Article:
The Delhi High Court on Monday, March 23, temporarily discontinued Breath Analyser Tests (BAT) through the tube process for Air Traffic Controllers (ATC). The decision was taken keeping in view the novel coronavirus outbreak in the country. A BAT is conducted to make sure that the officers are not under the influence of alcohol.
"The breath analyser test (BAT) currently being conducted shall remain suspended with immediate effect at all airports till further orders," the court said in its nine-page long order.
Stating that the ATCs should not be exposed to the risk of contracting COVID-19, the high court told the concerned authorities to come up with an alternate method of testing that would not increase the chances of the spread of the fatal disease.
The Directorate General of Medical Services (Air), Delhi should convene a meeting of the DGCA, AAI, Ministry of Civil Aviation, including doctors or medical specialists on Tuesday or at the earliest possible convenience to put in place a new procedure for carrying out breath analyser tests, directed the bend headed by Justice Prathiba M Singh.
Hearing the plea by the Air Traffic Controllers' Guild (India) seeking suspension of BAT through the tube process, the HC said the equipment used for testing could become a source of further spread of COVID-19.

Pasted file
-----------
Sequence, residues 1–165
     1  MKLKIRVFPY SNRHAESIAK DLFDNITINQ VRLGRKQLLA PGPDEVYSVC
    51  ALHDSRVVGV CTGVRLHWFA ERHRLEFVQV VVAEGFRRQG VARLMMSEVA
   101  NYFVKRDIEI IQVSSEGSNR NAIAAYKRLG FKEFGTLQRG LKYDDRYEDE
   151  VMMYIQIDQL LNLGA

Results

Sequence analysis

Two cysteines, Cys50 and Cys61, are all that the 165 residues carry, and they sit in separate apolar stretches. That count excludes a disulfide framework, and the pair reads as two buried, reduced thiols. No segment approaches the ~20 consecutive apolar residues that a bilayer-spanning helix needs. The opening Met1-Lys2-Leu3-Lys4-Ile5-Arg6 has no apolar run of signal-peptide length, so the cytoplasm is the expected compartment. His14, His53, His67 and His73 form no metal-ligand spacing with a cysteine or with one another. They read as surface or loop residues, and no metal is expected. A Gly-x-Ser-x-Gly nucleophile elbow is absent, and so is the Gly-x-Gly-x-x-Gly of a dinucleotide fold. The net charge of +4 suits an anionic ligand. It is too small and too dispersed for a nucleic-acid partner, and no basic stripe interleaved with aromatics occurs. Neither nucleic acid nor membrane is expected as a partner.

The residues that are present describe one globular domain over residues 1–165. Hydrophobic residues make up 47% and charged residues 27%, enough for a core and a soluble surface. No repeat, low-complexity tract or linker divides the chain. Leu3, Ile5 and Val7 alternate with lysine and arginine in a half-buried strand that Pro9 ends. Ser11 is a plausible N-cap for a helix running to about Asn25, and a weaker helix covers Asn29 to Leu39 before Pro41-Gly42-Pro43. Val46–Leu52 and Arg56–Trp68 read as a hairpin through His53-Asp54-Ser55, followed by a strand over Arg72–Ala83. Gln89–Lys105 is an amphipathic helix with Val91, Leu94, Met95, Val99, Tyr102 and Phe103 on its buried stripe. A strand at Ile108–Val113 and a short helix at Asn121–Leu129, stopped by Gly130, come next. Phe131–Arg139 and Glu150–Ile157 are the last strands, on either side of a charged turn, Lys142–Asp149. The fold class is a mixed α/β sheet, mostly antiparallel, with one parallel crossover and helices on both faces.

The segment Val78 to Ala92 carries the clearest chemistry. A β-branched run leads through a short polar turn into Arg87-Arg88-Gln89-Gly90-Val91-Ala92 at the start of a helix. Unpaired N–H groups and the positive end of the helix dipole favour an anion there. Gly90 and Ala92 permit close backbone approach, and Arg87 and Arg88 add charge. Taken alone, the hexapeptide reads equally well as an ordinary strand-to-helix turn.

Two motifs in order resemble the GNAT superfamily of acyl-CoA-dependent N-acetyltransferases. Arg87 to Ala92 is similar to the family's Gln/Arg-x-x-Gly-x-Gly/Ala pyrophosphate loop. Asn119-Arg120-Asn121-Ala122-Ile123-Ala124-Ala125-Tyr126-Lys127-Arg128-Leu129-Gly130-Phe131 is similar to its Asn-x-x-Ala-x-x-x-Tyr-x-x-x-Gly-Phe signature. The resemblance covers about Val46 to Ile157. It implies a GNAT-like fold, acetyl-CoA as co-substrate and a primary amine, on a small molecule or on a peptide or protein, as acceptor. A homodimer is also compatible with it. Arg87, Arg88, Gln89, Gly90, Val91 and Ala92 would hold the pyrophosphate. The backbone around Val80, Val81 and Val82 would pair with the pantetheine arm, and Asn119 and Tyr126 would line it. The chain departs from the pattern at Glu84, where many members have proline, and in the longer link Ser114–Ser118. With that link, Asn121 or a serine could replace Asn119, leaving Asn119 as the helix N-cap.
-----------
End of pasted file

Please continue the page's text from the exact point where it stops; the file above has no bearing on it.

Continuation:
"While there is no doubt that breath analysing tests are essential to ensure that ATCs who come to perform their functions are not inebriated, even if there is a remote chance in the use of BAT equipment resulting in further spread of COVID-19, the same ought to be prevented," the court said.
"It could have a deleterious impact if any of the ATCs contract COVID-19 after undergoing BAT. Considering that BAT equipment is stored in airports where the incidents of the virus are extremely high, use of the said equipment which would require ATCs to breathe into or out of the said equipment is likely to expose them to the virus," it added.
Delhi HC advises DGCA to be cautious
The high court, while passing interim measures, highlighted that there was an emergent need for authorities to decide on an alternate, less invasive and less risky equipment.
"Urine/blood testing, if opted for as the method of testing, shall be done by using disposable syringes and/or sterilised equipment, in a two percent randomised sample, until the new protocol is framed so that any violation of the self-declaration or undertaking can be detected," it said. The AAI has been asked to cooperate with the DGCA in implementing the court's directions.